Blue Nights

Didion's devastating new memoir explores loss in all its forms, to powerful effect.

“Blue Nights” By Joan Didion Alfred A. Knopf 208 pages

There are lots of memoirs about starting over after tragedy, about overcoming grief and forging a new life. This is not one of those memoirs. Blue Nights is about loss, in all its forms.

On Dec. 30, 2003, Joan Didion and her husband, the writer John Gregory Dunne, came home from visiting their daughter in the intensive care unit, where she was in a medically induced coma. That night at dinner, Dunne died suddenly from a heart attack. Less than two years later, their daughter, Quintana, died, just after her mother’s most famous book was published.

Didion won the National Book Award for “The Year of Magical Thinking,” her unsparing, lucid examination of her grief and tangled thought processes in the months after Dunne’s death. If you’ve lost a loved one since 2005, the odds are good that someone has lovingly pressed a copy into your hands. Turning her investigative journalist’s eye inward, Didion’s ability to scrutinize her own consciousness to chronicle that raw time spoke directly to thousands of people reeling from loss.

That willingness to wield her honed talent on herself, as well as to look unflinchingly at a subject most Americans shy away from, are again on display in her elliptical, devastating new memoir, “Blue Nights.”

The book’s title comes from the French word for the gloaming. In a preface, Didion writes, “This book is called ‘Blue Nights’ because at the time I began it I found my mind turning increasingly to illness, to the end of promise, the dwindling of the days, the inevitability of the fading, the dying of the brightness. Blue nights are the opposite of the dying of the brightness, but they are also its warning.”

“Blue Nights” opens on July 26, 2010, on the anniversary of Quintana’s wedding day. Didion shares glimpses – the “peach-colored cake from Payard,” the red soles of her daughter’s Christian Louboutin shoes. Quintana herself remains elusive, seen in snatches and scraps of her mother’s memory. “Quintana is one of the areas about which I have difficulty being direct,” Didion writes.

She and Dunne adopted Quintana and brought her home from the hospital on March 3, 1966, when Didion’s career as a journalist was taking off. (She almost took the baby to Saigon, shopping for parasols and pastel dresses for them both. Happily, the trip was canceled.) When Quintana was small, the three traveled to New York, Honolulu, and Paris, staying in hotels while Dunne and Didion worked on screenplays like “The Panic in Needle Park” and profiled the band Chicago. The five-year-old learned to order triple lamb chops from room service and sign for Shirley Temples.

Didion is oddly defensive about the question of “privilege.” It may not have been a conventional upbringing, but it sounds like the trio had a lot of fun. And who’s to say “Bambi” isn’t more scarring than the “Nicholas and Alexandra” screening Didion took her daughter to?

“‘You have your wonderful memories,’ people said later, as if memories were solace,” Didion writes. “Memories are not.... Memories are what you no longer want to remember.”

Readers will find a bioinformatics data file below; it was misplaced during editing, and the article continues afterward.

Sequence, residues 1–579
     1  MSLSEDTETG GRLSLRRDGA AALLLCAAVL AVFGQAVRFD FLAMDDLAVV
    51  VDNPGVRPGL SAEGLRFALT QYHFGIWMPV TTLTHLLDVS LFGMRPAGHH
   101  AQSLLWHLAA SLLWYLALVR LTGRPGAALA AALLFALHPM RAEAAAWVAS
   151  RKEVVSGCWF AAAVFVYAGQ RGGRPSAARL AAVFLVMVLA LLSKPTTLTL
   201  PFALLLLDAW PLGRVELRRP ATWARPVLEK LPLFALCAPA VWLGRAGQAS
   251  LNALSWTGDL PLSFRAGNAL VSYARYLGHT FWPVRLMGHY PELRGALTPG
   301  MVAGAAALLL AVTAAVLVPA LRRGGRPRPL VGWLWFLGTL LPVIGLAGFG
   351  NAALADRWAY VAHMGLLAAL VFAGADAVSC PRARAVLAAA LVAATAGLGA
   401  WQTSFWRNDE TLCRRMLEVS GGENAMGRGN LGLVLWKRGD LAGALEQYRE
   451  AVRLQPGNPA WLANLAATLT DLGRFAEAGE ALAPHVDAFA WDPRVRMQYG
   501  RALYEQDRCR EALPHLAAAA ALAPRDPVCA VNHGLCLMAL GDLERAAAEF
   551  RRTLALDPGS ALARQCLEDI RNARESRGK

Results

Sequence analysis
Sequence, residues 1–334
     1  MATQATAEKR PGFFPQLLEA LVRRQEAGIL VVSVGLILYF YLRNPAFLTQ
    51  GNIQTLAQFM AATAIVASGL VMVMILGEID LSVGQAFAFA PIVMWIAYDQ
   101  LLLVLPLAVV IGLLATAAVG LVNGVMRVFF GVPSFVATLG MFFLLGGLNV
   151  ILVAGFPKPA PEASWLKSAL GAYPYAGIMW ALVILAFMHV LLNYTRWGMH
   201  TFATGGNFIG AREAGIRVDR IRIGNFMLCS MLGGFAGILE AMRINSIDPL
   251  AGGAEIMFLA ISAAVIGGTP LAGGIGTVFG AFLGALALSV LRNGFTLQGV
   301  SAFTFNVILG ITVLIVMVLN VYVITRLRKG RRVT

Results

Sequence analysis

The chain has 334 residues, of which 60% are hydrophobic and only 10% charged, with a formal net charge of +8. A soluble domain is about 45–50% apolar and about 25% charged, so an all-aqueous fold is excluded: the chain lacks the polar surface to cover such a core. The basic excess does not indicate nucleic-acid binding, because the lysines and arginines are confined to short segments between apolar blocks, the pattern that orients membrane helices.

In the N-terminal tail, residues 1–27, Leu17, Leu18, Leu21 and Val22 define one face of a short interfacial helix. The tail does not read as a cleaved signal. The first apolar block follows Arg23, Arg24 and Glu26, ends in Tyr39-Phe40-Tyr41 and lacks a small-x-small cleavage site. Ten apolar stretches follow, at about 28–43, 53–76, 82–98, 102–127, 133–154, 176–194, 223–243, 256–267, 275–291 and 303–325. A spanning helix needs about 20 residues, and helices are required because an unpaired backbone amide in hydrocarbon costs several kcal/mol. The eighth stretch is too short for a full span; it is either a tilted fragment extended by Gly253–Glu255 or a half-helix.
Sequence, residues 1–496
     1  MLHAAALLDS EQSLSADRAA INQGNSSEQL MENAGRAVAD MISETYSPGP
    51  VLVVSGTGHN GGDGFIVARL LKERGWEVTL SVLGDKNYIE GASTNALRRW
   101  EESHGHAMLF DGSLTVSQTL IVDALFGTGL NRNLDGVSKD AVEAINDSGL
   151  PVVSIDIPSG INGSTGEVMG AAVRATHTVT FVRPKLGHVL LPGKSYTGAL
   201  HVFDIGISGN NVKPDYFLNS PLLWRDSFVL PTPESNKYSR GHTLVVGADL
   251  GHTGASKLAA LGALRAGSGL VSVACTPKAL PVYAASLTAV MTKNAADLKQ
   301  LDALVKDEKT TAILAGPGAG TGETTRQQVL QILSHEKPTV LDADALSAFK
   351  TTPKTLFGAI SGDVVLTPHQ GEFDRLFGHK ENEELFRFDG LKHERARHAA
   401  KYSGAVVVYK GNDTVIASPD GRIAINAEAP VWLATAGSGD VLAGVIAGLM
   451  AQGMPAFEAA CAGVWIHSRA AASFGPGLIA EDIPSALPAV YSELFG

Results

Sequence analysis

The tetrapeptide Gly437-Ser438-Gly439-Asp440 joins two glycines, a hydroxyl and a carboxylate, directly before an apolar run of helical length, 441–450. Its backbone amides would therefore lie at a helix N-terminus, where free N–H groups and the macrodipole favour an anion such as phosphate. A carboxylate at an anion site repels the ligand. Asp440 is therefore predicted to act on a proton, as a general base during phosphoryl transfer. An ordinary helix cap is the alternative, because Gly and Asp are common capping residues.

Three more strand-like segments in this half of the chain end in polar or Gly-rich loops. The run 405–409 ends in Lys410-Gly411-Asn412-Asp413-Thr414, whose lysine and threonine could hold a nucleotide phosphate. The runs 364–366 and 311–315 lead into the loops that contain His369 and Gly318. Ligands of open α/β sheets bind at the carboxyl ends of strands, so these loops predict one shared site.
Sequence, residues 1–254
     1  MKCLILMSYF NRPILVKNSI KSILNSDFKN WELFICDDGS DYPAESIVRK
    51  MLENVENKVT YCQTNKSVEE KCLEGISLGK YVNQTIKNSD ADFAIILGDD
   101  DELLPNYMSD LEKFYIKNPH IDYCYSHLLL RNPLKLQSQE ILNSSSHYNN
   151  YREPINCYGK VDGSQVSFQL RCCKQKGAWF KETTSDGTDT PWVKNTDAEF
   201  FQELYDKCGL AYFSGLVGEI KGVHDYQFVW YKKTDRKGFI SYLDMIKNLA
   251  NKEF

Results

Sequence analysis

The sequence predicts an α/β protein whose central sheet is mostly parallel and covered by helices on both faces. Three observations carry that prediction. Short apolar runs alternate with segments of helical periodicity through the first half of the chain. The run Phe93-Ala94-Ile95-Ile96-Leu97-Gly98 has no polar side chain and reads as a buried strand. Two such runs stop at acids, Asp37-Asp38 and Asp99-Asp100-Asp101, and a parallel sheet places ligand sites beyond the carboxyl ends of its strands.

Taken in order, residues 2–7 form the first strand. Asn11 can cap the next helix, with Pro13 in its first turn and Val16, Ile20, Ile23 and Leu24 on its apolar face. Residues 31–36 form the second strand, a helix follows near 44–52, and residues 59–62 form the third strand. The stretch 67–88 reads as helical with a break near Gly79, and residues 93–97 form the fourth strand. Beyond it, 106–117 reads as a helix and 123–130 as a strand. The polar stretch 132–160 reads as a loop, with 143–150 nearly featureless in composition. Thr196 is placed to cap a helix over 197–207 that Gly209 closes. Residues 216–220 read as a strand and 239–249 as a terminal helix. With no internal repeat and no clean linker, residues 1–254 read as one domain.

Didion blames herself for many things: for not realizing the depth of Quintana’s fear of abandonment and for her own terror of not knowing what to do as a mother. “Once she was born I was never not afraid,” she writes, in what may be the book’s saddest sentence. When Quintana got her first loose tooth, her panicked mother nearly took her to the emergency room. “What I would not realize for another few years was that I had never been the only person in the house to feel the fear.”

One of the things Didion approaches obliquely is what she calls Quintana’s “depths and shallows,” which were diagnosed first as manic depression, then obsessive compulsive disorder, then something else Didion couldn’t remember. It didn’t matter, she writes, because that was soon replaced with another “diagnosis.” “I put the word ‘diagnosis’ in quotes because I have not yet seen that case in which a ‘diagnosis’ led to a ‘cure,’ or in fact to any outcome other than a confirmed, and therefore an enforced, debility,” writes Didion, who details her own bouts of ill health and inconclusive diagnoses in the book.

Frailty is a theme running throughout “Blue Nights.” In addition to Quintana, Didion writes about the death of Natasha Richardson, whom she had watched grow up. And she discusses the physical cost of “maintaining momentum” and her own growing shakiness. At one point, during rehearsals for the play of “The Year of Magical Thinking,” she can’t bring herself to get up off a metal folding chair. Didion details days spent in hospital waiting rooms, trying to figure out who to put down as her emergency contact. She works on gaining weight and momentum. “Meanwhile ... I memorize my child’s face.”

Didion once famously wrote that “We tell ourselves stories in order to live.” In “Blue Nights,” her aim is a poignant variant. She wanted to prove “that my frailty has not yet reached a point at which I can no longer tell a true story.” Not by a long shot.

Yvonne Zipp regularly reviews fiction for the Monitor.

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